ptsd military therapy medical cannabis

Post-Traumatic Syndrome A Natural Response to Trauma

Mary Lou Smart www.medicalcannabisart.com

The Diagnostic and Statistical Manual of Mental Disorders, published by the American Psychiatric Association, defines post-traumatic stress disorder (PTSD) as the development of characteristic symptoms following exposure to an extreme traumatic stressor.

Reactions include helplessness, fear and horror.

Persistent memories of the event, or events, lead to dreams, nightmares, obsessive thoughts and flashbacks (actual recreations of an event).

While the walking wounded suffering from life’s traumatic episodes are every-where, military veterans experience post-traumatic stress in higher numbers and therefore receive more press.

Viewing it as a natural response to unnatural events, Mary Lynn Mathre, RN, CSN and CARN, a Vietnam-era Navy nurse and president and co-founder of Patients Out of Time, says that she’d be more curious about combat veterans who return from war without post-traumatic stress syndrome. Patients Out of Time is the leading educator for health care professionals and the public on the therapeutic use of cannabis.

“Frankly, if you talk to a lot of the vets, if they go to cannabis, they do so much better,” she said. “A lot of the vets coming back are committing suicide. This is a huge story that needs to be told.”

Drugs Aplenty for the Traumatized

In February, The New York Times published a story written by James Dao about the United States Veterans Administration (VA) dispensing a cornucopia of prescription drugs to soldiers returning from Iraq and Afghanistan with PTSD diagnoses.

Many are also on pain medications, and many are mixing, matching and self-medicating. With easy access to the likes of Ativan, Adderall Ambien, Celexa, Effexor, Elavil, Haldol, Klonopin, Lunesta, Prozac, Paxil, Restoril, Risperdal, Ritalin, Seroquel, Trazodone, Valium, Wellbutrin, Xanax and Zoloft, many who are trying so hard to cope end up dying. These deaths are often labeled as accidental. None are being treated by the VA with cannabis, the only medication that’s never killed anyone and has long been associated with weaning patients off of strong nar-cotics.

The VA’s been sending returning vets out on the streets with loads of prescription medications for decades. Its own personnel report a shortage of counselors to treat veterans and a lack of resources to track the multiple medications. Although in recent directives it acknowl-edges that veterans in states with medical marijuana programs will be permitted to use cannabis in tandem with medical treatment offered through the VA, for the most part this federal entity refuses to acknowledge the medicinal benefit of cannabis.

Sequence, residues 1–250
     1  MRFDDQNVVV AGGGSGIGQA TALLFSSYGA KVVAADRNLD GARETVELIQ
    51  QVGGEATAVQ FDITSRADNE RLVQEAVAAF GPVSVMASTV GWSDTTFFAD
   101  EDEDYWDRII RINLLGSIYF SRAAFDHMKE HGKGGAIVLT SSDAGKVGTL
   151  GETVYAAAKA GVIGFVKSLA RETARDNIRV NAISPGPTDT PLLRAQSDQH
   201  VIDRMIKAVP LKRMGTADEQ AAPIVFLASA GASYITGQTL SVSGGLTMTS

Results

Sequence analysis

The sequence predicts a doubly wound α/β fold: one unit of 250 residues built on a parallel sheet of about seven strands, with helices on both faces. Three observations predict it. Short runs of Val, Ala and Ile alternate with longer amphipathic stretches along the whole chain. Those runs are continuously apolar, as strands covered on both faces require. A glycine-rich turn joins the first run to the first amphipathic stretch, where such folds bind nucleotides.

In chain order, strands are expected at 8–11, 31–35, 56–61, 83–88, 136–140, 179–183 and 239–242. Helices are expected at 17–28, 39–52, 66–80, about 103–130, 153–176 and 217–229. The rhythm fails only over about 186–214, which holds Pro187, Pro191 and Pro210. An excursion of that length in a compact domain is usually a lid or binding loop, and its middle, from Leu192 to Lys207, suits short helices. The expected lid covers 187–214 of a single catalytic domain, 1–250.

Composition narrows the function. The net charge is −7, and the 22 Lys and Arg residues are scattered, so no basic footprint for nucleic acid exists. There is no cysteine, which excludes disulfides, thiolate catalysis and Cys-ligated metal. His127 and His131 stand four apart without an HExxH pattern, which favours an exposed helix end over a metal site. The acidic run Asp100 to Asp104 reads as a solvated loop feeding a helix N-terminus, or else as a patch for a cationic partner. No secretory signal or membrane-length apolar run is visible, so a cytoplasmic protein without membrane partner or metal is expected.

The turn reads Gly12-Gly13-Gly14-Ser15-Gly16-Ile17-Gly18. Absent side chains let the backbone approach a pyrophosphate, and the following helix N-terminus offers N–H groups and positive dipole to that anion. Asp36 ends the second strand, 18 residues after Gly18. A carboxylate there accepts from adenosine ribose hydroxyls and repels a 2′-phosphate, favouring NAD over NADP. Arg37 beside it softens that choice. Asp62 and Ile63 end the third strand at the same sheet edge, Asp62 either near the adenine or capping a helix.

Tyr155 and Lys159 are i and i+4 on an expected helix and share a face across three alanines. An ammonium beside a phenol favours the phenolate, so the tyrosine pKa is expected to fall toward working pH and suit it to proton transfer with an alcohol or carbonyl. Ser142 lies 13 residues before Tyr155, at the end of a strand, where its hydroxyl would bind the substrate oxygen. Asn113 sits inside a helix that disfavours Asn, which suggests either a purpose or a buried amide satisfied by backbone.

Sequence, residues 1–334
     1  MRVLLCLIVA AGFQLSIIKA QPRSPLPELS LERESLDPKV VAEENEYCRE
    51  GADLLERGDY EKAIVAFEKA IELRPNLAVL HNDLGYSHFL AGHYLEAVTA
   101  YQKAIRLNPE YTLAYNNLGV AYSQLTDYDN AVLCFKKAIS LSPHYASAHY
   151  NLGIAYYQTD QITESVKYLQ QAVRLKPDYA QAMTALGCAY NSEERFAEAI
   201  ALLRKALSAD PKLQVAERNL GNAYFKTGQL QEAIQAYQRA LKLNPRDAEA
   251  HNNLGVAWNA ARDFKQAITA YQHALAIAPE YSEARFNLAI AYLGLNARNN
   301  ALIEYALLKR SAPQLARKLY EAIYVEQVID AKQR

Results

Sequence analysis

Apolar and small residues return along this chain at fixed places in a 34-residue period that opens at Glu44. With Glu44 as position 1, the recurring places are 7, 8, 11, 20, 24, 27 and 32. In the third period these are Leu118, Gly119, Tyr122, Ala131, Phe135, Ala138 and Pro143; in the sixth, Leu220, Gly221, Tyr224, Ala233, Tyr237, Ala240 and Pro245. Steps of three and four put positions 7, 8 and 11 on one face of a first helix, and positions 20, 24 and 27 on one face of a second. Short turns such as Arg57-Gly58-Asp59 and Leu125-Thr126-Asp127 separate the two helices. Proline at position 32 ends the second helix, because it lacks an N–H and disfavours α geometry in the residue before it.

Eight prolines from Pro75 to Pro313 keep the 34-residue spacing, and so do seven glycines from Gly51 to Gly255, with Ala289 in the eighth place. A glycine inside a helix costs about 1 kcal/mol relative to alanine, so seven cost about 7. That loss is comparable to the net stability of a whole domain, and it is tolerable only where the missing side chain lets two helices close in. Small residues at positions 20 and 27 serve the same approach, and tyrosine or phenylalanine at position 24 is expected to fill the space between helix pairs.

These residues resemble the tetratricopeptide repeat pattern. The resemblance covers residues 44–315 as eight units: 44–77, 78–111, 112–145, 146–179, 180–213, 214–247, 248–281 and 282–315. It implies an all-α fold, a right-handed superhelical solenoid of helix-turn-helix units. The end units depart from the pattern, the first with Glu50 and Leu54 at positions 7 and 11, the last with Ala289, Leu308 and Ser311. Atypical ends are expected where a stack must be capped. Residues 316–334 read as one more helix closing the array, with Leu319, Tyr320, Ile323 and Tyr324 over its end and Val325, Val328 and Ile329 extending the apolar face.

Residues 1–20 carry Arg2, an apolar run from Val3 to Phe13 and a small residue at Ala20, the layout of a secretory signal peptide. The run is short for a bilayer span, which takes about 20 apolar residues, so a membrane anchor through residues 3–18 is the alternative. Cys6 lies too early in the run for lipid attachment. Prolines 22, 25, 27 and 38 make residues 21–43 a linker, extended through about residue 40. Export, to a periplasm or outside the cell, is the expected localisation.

Despite decades of clinical studies overseas that have convinced authorities in other countries to treat wound-ed soldiers with cannabis, the federal government con-tinues to classify marijuana as a Schedule I drug with no medical benefit under the Controlled Substances Act.

“Israel and Czechoslovakia are using it for their soldiers right now,” said Al Byrne, co-founder of Patient’s Out of Time, past executive director of NORML, Vietnam vet-eran and retired Navy officer. “They’ve decided that the therapeutic value is so great that their soldiers can have it. These are the same guys that our guys are fighting next to in Afghanistan. They get hurt; they get cannabis. Our guys get hurt; they don’t get cannabis.”

Michael Krawitz, founding director of Veterans for Medical Cannabis Access, is a 100-percent disabled Air Force vet injured in the1980s who experiences consider-able pain. Over the years, his knowledge of standard pain treatment has grown along with the pain medica-tions he has been prescribed. He hated Ultram, a syn-thetic, narcotic pain killer whose negative side effects were “so horrible that they made taking the medication unbearable.”